Supreme Court of Canada Justice Morris Fish has publicly announced to have made the decision of retiring from the top court this spring, consequently barging a great amount of pressure on Canada’s Prime Minister, Stephen Harper, who will then be tasked with the responsibility of balancing the number of female judges on the Supreme Court bench to four. So far, only one of the five appointments to the to the nine-judge court by Mr. Harper has been a woman.
Harper has been previously criticized for replacing Justice Marie Deschamps with Justice Richard Wagner last fall. Judge Deschamps asserted that it was important that she must have been replaced by a woman. She alleged that “numbers do count,” while speaking to a media outlet in February. She mentioned that “I was sad that I was not replaced by a woman.” Now the departure of Justice Fish will evidently deprive the court of its most defence-oriented judge, especially when only few months are left in the hearing of extremely important cases involving the legitimacy of several controversial aspects of Mr. Harper’s criminal-law reform package.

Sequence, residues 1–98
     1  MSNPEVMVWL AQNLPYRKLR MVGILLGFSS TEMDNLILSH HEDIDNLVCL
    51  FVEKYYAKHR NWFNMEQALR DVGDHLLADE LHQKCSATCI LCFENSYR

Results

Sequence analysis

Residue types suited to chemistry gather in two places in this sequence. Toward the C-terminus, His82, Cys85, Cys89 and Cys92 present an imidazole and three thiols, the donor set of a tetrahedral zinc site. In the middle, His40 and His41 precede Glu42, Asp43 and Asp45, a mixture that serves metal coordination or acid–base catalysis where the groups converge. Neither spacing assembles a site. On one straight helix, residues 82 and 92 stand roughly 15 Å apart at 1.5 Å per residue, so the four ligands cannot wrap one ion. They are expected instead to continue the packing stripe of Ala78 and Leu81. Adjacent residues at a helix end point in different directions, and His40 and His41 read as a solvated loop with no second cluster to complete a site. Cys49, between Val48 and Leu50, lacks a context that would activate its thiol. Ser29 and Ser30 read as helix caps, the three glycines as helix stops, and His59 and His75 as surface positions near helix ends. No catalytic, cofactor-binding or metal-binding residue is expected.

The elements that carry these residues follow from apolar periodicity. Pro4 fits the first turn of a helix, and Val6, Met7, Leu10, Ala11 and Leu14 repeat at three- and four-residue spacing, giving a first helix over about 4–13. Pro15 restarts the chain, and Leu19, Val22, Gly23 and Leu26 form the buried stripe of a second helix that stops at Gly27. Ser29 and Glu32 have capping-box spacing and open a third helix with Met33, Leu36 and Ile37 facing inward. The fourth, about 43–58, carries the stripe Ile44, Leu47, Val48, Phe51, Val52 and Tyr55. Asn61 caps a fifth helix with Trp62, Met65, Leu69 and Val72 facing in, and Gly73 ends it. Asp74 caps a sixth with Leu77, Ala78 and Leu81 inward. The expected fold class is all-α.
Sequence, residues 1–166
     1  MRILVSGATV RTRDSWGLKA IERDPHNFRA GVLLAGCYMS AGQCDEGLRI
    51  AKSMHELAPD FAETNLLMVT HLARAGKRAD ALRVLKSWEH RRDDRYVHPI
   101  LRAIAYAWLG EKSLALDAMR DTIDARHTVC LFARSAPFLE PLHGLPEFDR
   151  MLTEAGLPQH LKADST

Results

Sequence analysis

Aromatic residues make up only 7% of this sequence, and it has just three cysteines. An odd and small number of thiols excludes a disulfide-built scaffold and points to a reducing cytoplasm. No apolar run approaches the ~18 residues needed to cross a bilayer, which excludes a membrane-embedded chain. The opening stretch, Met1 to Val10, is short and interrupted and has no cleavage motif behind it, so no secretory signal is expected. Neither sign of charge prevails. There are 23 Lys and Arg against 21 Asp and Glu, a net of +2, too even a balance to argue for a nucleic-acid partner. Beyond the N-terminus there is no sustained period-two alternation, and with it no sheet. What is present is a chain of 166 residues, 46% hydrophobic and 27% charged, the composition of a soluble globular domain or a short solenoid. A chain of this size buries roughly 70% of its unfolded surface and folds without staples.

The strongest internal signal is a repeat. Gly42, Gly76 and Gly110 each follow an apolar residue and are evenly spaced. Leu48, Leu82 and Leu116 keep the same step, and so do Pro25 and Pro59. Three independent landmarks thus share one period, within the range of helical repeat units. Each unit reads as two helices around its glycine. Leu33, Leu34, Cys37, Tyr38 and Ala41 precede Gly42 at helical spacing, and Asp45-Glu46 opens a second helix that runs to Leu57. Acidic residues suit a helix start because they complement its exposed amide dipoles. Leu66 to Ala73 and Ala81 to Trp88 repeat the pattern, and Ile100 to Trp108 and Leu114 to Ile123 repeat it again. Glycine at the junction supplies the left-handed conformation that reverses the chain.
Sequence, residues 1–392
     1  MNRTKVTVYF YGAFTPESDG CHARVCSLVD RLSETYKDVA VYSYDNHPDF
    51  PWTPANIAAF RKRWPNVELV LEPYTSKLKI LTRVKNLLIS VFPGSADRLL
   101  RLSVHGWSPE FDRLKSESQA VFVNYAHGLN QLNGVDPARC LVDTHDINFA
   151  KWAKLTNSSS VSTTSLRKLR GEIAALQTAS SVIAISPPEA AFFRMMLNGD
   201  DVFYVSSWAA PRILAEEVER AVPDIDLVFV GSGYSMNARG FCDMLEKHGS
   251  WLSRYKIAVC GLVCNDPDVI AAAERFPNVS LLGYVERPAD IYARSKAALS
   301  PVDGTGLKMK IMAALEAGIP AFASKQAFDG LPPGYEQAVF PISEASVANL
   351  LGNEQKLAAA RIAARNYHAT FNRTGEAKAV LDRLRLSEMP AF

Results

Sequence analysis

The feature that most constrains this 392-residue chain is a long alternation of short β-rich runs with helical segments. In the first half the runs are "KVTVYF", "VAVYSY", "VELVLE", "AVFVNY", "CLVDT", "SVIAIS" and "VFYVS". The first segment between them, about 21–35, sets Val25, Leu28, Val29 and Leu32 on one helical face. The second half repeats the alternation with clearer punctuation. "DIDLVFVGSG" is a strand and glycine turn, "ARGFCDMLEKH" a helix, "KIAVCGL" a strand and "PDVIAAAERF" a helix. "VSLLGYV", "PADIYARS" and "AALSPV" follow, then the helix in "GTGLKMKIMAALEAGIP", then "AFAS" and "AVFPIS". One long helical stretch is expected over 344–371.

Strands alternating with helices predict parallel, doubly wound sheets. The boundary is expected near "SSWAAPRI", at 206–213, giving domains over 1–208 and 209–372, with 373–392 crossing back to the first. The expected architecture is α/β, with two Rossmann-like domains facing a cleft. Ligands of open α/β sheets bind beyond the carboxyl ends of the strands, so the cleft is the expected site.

An associate dean of law at York University’s Osgoode Hall Law School, James Stribopoulos, mentioned that Justice Fish epitomized the best qualities of a judge. He explained that “he has many strengths as a jurist – a clear and pithy writing style, a razor-sharp intellect, a fidelity to logic and principle.” Prof. Stribopoulos alleged that “most of all, however, is his humanity. In every context, but especially in criminal law, he was always very much aware and sensitive toward the stakes for everyone involved.”
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